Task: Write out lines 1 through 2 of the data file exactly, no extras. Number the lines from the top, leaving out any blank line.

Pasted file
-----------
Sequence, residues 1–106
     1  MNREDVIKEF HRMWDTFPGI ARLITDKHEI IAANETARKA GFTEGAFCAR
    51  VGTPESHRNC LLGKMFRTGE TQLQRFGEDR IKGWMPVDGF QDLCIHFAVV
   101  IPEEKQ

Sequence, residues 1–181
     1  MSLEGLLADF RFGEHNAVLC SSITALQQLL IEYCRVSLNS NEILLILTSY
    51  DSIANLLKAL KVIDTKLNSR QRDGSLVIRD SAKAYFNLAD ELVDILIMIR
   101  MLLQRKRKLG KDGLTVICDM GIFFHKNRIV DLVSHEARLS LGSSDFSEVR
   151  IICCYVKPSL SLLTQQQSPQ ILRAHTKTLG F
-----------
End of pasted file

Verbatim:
Sequence, residues 1–106
     1  MNREDVIKEF HRMWDTFPGI ARLITDKHEI IAANETARKA GFTEGAFCAR